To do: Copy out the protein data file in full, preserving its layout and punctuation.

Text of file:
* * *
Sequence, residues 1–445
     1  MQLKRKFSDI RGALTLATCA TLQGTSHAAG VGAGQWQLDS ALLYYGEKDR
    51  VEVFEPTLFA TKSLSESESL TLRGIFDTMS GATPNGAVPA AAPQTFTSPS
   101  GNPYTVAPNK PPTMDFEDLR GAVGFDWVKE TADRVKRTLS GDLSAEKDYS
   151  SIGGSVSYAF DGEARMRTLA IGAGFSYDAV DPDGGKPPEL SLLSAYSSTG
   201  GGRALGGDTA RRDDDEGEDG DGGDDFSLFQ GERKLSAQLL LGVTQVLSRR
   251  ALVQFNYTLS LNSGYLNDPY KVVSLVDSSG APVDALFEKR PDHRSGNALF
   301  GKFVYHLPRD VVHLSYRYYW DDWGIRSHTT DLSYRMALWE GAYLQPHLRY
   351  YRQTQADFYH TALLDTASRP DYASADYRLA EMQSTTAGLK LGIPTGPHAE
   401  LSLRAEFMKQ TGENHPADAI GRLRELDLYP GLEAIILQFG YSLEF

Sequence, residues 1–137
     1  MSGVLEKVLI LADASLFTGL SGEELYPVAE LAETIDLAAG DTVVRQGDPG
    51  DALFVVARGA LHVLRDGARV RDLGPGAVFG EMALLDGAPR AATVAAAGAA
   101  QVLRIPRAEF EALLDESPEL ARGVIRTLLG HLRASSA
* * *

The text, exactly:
Sequence, residues 1–445
     1  MQLKRKFSDI RGALTLATCA TLQGTSHAAG VGAGQWQLDS ALLYYGEKDR
    51  VEVFEPTLFA TKSLSESESL TLRGIFDTMS GATPNGAVPA AAPQTFTSPS
   101  GNPYTVAPNK PPTMDFEDLR GAVGFDWVKE TADRVKRTLS GDLSAEKDYS
   151  SIGGSVSYAF DGEARMRTLA IGAGFSYDAV DPDGGKPPEL SLLSAYSSTG
   201  GGRALGGDTA RRDDDEGEDG DGGDDFSLFQ GERKLSAQLL LGVTQVLSRR
   251  ALVQFNYTLS LNSGYLNDPY KVVSLVDSSG APVDALFEKR PDHRSGNALF
   301  GKFVYHLPRD VVHLSYRYYW DDWGIRSHTT DLSYRMALWE GAYLQPHLRY
   351  YRQTQADFYH TALLDTASRP DYASADYRLA EMQSTTAGLK LGIPTGPHAE
   401  LSLRAEFMKQ TGENHPADAI GRLRELDLYP GLEAIILQFG YSLEF

Sequence, residues 1–137
     1  MSGVLEKVLI LADASLFTGL SGEELYPVAE LAETIDLAAG DTVVRQGDPG
    51  DALFVVARGA LHVLRDGARV RDLGPGAVFG EMALLDGAPR AATVAAAGAA
   101  QVLRIPRAEF EALLDESPEL ARGVIRTLLG HLRASSA